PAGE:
The great naturalist John Burroughs once said that nature teaches more than she preaches. I can’t recall a summer where that rings true more than this one, for that old sun of ours truly taught us a thing or two these past three months.
It has been a brown season, a year of the withered and seared and thirsty, and it isn’t just because we now have a new roof on our house that I am hopeful for a wet, cool fall. Due to the recent rains, the landscape we see from our windows is a little less tired and worn than it was just a week ago, but we still hope our trees can soon prop their feet up to rest and store autumn color. I am descended from the English and the Welsh, so I think it’s my genetic disposition to hope for rain and mist and soggy ground. Yet, amid the realities of costlier food and lower wells and the depressing ugliness of scruffy weeds and scorched fields, I have been surprised by another of nature’s lessons: In the driest of years there remains beauty and color and life, even if it does barely survive under an umbrella of toasted leaves or grovels in the cracked earth of a ditch that last ran full in March.
In just the past few days, I have scribbled a rather impressive list of the living things I have spied among the dead and dying.
Our tall friend, the blue heron I wrote about a month or so ago, stood a good while and looked us over as we walked past the tepid pond he had staked out a few Sundays back. It was as if he had taken a number and was waiting for a turn in a line he didn’t want to abandon, so he just kept a wary eye on us as we sauntered by. We must be becoming friends, for I caught him fishing in our garden bird bath one day last week, too. An oriole, perhaps an acquaintance of his, flitted past me that same day. He provided a pleasant flash of orange and black that stood out in stark contrast to a field of crunchy brown clover, as do the lightning-quick goldfinches who go after our now-fading coneflowers.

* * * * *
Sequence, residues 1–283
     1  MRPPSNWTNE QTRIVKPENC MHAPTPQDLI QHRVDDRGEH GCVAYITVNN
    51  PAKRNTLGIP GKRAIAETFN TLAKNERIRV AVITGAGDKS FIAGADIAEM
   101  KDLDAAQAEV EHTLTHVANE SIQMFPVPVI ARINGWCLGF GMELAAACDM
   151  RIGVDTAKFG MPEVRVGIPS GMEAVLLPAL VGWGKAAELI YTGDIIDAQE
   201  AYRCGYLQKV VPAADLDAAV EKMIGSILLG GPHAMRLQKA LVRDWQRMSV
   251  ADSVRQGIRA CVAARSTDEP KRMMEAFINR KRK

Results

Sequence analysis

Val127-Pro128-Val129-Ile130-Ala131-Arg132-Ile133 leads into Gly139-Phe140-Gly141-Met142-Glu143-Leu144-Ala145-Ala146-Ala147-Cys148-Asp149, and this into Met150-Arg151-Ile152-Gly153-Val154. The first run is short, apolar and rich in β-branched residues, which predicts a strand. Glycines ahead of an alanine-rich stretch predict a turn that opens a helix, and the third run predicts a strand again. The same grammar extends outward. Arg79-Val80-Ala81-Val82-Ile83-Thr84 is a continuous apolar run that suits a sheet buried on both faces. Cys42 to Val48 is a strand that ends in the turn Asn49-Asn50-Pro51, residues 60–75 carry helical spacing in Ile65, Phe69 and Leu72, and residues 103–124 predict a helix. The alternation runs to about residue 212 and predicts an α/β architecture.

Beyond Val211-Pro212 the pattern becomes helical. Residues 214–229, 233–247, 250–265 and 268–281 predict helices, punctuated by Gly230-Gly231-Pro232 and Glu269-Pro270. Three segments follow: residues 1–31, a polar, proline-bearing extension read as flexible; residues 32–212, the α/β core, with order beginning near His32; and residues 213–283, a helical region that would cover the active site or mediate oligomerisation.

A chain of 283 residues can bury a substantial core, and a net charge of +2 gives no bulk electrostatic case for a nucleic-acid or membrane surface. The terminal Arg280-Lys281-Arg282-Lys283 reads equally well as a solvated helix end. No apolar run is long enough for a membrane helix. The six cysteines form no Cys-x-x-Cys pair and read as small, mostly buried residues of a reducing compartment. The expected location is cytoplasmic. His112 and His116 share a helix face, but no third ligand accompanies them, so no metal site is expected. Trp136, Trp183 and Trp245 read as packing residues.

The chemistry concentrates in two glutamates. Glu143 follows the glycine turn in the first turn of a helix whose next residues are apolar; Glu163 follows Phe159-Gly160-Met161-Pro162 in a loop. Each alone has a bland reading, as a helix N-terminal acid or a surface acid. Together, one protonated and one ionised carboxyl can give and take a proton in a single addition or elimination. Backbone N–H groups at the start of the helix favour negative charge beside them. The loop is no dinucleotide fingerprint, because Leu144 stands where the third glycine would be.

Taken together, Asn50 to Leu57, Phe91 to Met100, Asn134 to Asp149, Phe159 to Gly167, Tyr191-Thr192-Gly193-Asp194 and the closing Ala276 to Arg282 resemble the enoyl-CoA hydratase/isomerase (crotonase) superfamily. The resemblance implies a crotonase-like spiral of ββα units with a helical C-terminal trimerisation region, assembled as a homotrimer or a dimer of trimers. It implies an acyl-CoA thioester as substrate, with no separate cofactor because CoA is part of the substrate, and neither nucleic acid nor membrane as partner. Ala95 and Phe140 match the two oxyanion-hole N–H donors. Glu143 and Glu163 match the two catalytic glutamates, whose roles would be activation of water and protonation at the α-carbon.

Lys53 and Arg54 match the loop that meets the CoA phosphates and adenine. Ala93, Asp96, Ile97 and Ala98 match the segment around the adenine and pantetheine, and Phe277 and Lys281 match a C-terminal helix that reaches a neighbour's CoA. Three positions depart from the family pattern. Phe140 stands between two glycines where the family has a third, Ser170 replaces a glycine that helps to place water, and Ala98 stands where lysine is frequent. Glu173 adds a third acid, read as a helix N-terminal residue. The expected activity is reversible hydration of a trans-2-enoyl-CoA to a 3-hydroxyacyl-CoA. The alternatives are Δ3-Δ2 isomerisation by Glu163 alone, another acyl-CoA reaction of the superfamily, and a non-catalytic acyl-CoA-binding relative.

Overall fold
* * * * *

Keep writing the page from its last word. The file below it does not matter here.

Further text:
It had already proven to be a field day of sorts, for I had stopped my truck in the road only a few hours earlier to move a big box turtle as he hot-footed it from ditch to ditch. With his long yellow neck extended, he, too, stared at me, all the while treading the air until I set him down in a patch of crunchy weeds. He went about his business without offering his thanks, but since it had been months since I had even seen a turtle, I didn’t mind his rudeness.
One of the few positives of our baked earth is that the moles have given up digging in my yard for a while. I can just see them with bruised snouts as they wait for hearty fall rains like the rest of us. Our bees, however, wait for nothing. Even as I last watered our garden’s coneflowers and day lilies and sedum, they buzzed in and out of the hose’s shower, enjoying the bath as they gathered and transported pollen. The wasps keep trying to build under my back porch door light, too, and it appears as though it has been a banner year for those big burrowing ground hornets, the B-52s of the insect world, for they are drilling and digging away near my garage like wildcatters in an Oklahoma oil field.
We have been visited also lately by a gregarious praying mantis. My wife has watched him as he travels from one our hummingbird feeders to another. Whether he likes the nectar or the ants who steal sips for themselves is yet to be determined, but his brashness seems to be wearing thin on the birds that hum about him. Joanie has had to brush him onto a porch railing as she fills the feeders, but before long he is arrogantly back to his perch.